The solution revealed itself to AIM3D at a trade fair in 2019 when Gühring presented its new “Dianoz nozzle”. The world’s first diamond-tipped printer nozzle promises almost infinite printing without any wear because, as the hardest natural material in the world, diamond offers the best wear protection – including as an insert in the nozzle tip. At the same time, it conducts heat extremely well, ensuring even material extrusion and smooth surfaces. AIM3D received a prototype of the diamond nozzle to test it in its 3D printers. Four years later, Tim Weidner’s conclusion is: “The thermal conductivity is indisputably high and the wear resistance simply cannot be beaten.”
First and foremost, it is this resistance to wear that makes all the difference when printing. For example, the printing time for very large and complex components is up to 24 hours and sometimes even several days. Depending on the material, it may not be possible to finish printing this component with one standard nozzle in cases like this. Theoretically, the printing process could be stopped and the nozzle could be replaced.
In practice, however, this is rather impractical, because the new nozzle must then be screwed back into the exact same position so that the height on the component is not offset. Even the smallest deviations in nozzle positioning and assembly may subsequently be visible on the component and may even impair its stability and functionality under certain circumstances.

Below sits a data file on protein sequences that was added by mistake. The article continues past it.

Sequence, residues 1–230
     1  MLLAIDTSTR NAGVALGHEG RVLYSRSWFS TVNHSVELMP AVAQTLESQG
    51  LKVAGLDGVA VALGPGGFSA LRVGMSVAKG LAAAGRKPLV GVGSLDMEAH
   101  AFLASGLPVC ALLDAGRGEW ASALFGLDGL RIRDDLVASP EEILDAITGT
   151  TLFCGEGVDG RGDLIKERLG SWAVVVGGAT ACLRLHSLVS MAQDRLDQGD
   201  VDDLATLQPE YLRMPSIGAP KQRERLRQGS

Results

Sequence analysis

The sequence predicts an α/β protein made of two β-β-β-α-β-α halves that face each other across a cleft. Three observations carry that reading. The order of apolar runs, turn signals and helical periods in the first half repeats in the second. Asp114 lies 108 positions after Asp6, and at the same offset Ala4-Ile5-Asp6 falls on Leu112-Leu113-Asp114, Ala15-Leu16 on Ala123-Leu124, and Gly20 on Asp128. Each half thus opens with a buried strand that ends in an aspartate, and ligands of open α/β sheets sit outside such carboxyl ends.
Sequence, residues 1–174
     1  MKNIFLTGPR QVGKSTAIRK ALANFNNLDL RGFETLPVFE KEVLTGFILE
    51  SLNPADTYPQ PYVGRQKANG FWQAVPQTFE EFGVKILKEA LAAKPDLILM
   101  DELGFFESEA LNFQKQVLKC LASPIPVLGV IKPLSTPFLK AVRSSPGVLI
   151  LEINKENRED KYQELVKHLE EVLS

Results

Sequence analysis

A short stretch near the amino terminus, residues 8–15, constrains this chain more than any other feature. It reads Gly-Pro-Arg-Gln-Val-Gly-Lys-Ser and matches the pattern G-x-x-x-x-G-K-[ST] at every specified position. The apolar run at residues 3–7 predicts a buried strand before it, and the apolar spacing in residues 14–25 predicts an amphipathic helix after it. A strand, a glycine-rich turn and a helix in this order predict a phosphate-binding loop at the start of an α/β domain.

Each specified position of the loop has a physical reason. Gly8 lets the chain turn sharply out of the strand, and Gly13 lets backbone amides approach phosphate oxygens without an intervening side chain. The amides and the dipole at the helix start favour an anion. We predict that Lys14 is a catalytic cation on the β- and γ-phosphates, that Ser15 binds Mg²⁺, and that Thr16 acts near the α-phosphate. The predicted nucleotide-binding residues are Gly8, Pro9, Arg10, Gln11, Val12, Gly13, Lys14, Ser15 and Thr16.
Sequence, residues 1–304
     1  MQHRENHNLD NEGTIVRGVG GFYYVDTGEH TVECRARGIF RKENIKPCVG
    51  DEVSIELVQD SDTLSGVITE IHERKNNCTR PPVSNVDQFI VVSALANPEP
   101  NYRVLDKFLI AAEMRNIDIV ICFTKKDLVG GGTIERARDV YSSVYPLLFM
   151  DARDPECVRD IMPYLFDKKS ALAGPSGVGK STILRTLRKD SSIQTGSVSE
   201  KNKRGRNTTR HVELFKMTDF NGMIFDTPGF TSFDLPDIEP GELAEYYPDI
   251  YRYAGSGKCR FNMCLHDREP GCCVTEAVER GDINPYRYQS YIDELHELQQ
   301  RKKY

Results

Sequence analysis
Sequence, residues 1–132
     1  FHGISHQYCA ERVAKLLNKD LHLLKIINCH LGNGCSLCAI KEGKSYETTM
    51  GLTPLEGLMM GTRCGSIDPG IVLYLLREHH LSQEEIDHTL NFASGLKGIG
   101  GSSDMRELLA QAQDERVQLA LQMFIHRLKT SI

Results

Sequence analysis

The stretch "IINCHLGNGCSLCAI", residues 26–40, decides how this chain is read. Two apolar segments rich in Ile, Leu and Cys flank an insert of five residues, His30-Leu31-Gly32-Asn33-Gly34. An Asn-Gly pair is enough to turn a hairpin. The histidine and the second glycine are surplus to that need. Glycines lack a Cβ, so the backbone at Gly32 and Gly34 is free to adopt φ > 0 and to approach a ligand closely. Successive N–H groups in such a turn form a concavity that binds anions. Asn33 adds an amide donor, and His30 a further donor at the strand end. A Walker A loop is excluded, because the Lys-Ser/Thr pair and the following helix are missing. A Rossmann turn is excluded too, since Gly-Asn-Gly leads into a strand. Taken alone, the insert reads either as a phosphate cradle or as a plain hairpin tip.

10 kilograms of printed glass fibre-reinforced plastic
The importance of this wear resistance has also been demonstrated, for example, in the printing of a high-strength and extremely wear-resistant ceramic silicon carbide: A steel nozzle was so worn out after just two hours that the nozzle exit had expanded from 0.4 mm to 0.6 mm. In these circumstances, it was not possible to finish printing the component. “The problem of wear with ceramic printing is as old as our company itself,” says Weidner. In contrast, the Dianoz nozzle showed no changes after printing the silicon carbide – even after several weeks of use.
The Dianoz nozzle also showcases its strengths when printing other extremely abrasive materials: For example, it can print 10 kilograms of plastic, which is 30 percent filled with glass fibre, without any wear. For AIM3D, whose customers often print precisely this type of glass fibre reinforced plastic, this is a real hit. Weidner summarises: “If a nozzle does not manage to withstand printed material, we have to switch to a better one; that’s always when we reach for the Dianoz nozzle. Dianoz was the first nozzle that enabled us to print certain component sizes reliably.”
Consistent quality guaranteed
At the moment, AIM3D uses four nozzles in different diameters. The oldest nozzle has been printing for over three years – and can cope with any material. However, the company also recommends the Dianoz nozzle to its customers when they purchase a printer to be used to print carbide or ceramic, for example. “Then we offer Dianoz as a standard nozzle,” says Weidner. “After all, customers expect our product to always deliver the same quality, and that’s only possible with the right nozzle.”